Thursday, April 14, 2011

Not that kind of doctor...

Why do I love my patients?  Because they provide me with stories like this:

Recently I was in my office trying to put the patient education packets together on my ever decreasing (read: next to none) budget when the receptionist rushed in and shut the door.  Her face was bright red.  "You need to come out and speak to Mrs. AnimalLover.  Now."

When things get heated, when patients get irate and when any of the staff feel like they are going to flip on a patient, I get the S.O.S. call.  I don't know why, but handling the crazies seems to be my specialty.  "I'm running pretty far behind, is there anyway you can deal with her?"

"No, you MUST speak with her."

I walk into the waiting room where a long standing patient is at the front desk.  With her dog.  This isn't an assistance dog who is there to help her in any way, just your run of the mill small breed mutt.  I turned on the million-watt smile.  "Hi, Mrs. AnimalLover!  What can I help you with?"

"I brought Fluffy in for his exam, but this woman insists he can't be seen today."  She glared at our receptionist.  "I know he has an appointment today and he needs his shots updated.  I know I have the right day."

"I'm sure you do have the right day for his exam, Mrs. AnimalLover, but this is just the wrong office.  This isn't the doctor you bring your dog to, this is the office where you come for visits."

"It is?"  She suddenly looked around realizing that there were no animals nor animal paraphernalia in our office and, thankfully, we had an empty waiting room.  "Well, they should have let me know they moved their office!"

We've been in our office for several years and the veterinarian she is talking about has, according to the receptionist who has lived here her entire life, been in the same building for 20 years or more.  Umm, yeah.

Tuesday, April 5, 2011

The best laid plans...

By 6:20pm I had a delicious smelling chicken marsala simmering on the stove, garlic smashed redskin potatoes on the warming burner alongside almond green beans and a chocolate cream pie in the refrigerator.  A full ten minutes before Dan was supposed to arrive.

And then the phone rang.

"At what temperature is it reasonable to start freaking out over my daughter's fever?"  No greetings, no niceties, just thinly veiled panic.  Even though his question and tone made it crystal clear the date was off, I had to smile a little.  Dan in overprotective daddy mode was pretty damn cute.

"Why don't you start by telling me what's going on."  My potential girlfriend hat was set aside pretty quickly in favor of my nurse's hat.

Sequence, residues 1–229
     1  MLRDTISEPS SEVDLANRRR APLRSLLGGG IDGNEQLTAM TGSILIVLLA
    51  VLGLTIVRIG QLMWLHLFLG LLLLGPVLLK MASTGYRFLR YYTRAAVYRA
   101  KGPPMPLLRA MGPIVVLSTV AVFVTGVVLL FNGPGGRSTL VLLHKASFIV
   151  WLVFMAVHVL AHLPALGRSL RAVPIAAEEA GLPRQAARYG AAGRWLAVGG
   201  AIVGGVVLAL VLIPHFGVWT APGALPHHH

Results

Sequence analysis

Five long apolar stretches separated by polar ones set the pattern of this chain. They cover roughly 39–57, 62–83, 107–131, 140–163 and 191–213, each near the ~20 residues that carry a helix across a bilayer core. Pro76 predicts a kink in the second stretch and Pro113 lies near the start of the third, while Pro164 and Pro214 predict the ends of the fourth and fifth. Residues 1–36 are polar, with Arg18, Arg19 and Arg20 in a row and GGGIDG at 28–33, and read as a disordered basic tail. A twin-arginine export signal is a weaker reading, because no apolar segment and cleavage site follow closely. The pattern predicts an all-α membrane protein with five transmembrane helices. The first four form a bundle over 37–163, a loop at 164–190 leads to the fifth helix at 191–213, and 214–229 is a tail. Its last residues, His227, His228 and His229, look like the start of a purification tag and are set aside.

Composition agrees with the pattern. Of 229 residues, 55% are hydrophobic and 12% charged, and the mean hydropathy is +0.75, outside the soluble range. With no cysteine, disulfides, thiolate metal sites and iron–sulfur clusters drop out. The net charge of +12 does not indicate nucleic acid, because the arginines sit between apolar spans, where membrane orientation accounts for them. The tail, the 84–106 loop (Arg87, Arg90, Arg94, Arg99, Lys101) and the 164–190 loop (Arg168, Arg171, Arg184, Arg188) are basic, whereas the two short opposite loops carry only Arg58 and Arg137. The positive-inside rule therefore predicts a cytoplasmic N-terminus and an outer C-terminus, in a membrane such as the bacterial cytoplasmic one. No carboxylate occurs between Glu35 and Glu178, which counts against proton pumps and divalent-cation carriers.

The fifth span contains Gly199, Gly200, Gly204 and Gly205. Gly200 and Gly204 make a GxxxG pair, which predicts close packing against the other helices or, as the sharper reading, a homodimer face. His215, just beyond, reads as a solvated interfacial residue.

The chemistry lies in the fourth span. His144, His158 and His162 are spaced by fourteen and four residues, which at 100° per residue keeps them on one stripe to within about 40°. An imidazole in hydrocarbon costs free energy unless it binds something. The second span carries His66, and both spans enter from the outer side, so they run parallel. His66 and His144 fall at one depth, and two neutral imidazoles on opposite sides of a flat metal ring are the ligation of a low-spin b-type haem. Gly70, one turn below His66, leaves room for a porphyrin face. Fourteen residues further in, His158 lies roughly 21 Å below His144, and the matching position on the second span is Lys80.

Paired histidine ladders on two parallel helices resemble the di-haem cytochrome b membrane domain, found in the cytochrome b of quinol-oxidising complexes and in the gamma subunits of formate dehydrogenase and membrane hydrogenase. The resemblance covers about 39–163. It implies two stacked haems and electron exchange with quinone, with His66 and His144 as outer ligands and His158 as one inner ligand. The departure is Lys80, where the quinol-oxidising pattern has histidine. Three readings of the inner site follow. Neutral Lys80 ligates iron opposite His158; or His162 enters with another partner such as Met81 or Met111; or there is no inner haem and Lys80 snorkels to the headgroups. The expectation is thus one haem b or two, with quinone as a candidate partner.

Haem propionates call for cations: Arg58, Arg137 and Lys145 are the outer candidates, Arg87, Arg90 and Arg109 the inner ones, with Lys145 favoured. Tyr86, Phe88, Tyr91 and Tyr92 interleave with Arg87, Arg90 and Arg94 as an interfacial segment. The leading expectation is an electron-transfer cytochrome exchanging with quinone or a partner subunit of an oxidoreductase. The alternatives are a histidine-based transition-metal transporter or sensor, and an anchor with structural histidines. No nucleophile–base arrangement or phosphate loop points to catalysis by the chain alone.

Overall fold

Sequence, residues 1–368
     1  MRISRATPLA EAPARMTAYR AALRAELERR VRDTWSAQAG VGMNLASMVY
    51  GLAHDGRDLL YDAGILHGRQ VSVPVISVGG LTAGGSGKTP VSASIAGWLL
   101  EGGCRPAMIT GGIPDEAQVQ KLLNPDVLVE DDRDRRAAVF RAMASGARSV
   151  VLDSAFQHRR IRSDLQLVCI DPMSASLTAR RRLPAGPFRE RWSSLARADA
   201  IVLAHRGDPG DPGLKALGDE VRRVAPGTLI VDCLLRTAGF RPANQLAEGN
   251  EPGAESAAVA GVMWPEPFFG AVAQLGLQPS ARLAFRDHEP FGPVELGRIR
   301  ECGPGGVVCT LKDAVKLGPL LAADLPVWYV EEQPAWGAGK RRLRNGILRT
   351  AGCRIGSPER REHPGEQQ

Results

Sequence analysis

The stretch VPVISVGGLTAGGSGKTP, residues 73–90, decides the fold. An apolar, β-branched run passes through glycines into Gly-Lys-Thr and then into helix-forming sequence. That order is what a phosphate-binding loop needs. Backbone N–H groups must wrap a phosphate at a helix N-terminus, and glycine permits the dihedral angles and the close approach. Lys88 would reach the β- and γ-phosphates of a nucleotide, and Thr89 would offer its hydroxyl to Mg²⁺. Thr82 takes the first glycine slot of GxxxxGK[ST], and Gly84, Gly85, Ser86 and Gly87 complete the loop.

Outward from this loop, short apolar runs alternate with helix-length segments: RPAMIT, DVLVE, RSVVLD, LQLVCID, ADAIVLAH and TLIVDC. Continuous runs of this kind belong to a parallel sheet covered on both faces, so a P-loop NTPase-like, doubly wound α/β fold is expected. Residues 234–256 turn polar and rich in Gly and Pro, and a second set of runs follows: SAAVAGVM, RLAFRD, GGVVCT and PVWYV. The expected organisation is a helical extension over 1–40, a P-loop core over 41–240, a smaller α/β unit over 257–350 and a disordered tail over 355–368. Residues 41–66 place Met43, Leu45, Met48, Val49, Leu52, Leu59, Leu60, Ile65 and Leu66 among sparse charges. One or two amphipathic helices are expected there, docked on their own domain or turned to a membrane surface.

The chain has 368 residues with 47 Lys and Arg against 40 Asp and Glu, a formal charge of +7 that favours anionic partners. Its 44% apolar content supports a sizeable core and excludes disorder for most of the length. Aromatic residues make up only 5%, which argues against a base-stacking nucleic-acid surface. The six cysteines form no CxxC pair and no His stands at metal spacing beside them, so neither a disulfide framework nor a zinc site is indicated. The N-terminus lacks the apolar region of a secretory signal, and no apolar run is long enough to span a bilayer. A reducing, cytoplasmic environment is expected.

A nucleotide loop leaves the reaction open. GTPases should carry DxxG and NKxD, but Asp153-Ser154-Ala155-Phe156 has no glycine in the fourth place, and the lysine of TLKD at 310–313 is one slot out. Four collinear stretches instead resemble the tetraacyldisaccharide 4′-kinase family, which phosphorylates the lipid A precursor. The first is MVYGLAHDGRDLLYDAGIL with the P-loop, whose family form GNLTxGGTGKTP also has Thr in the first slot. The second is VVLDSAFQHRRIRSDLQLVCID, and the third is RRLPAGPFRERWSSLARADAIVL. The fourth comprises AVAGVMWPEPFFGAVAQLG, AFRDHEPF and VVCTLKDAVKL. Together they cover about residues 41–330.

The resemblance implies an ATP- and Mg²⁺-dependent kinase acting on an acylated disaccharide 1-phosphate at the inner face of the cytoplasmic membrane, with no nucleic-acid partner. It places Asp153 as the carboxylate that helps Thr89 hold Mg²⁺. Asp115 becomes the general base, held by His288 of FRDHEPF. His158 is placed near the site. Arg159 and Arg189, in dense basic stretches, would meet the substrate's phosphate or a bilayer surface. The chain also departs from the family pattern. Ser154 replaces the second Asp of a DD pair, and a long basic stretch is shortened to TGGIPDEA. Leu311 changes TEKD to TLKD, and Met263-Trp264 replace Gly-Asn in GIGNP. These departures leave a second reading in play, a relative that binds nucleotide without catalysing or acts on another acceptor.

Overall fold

He listed her symptoms and they seemed pretty consistent with the same flu bug that had been going around.  Not a life-threatening emergency, but sick enough to concern someone who had only been a daddy for less than a year.  "You have two main priorities here: keep her hydrated and give her some Tylenol or Motrin to get the fever down."

"She hasn't kept any liquids down today.  All she did this morning is cry and now she's just laying in my arms with her head on my shoulder."  He wasn't covering the panic as well.  "I can't even get her to keep down the medicine.  Should I call her doctor?"

"Is her soft spot sunken in?  Is she still making tears when she cries?"

"I don't know."  There was a soft beep in the background.  "Krista, her temperature is 104.2"

Dating a single parent is tricky.  You don't want to insinuate yourself into the life of a child who has already had a parent leave until you know you're going to be around for a while.  But I know his situation.  His gem of an ex-wife bailed almost 9 months ago - a mere 2 months after their daughter was born - for another man across the country.  He doesn't have a support system and he sounded incredibly lost.  My inner Florence Nightengale took over.  "I'll be there in 15 minutes."

By 8:00pm we were pacing the ER, taking turns comforting his daughter.  She was showing signs of dehydration and wasn't keeping medication down long enough for it to have any effect on her fever.  Thankfully after a single dose of the Tylenol suppository, IV fluids and 6 hours in a cubicle her fever was under 100 and she was snoring in her carseat as we drove back to Dan's house.  No underlying UTI or ear infection, just the same nasty virus plaguing everyone.

He pulled in the garage and tried to remove his daughter from her carseat without waking her.  "I'm going to put her to bed... Can you hang out for a minute before you go?"


The next day I could remember sitting down on his couch and thinking it was almost sinfully comfortable.  I couldn't, however, remember being covered with a blanket.  I didn't recall Dan sitting next to me, putting his arm around my waist or my head on his chest, but that's how I woke up.

I couldn't have planned a better night.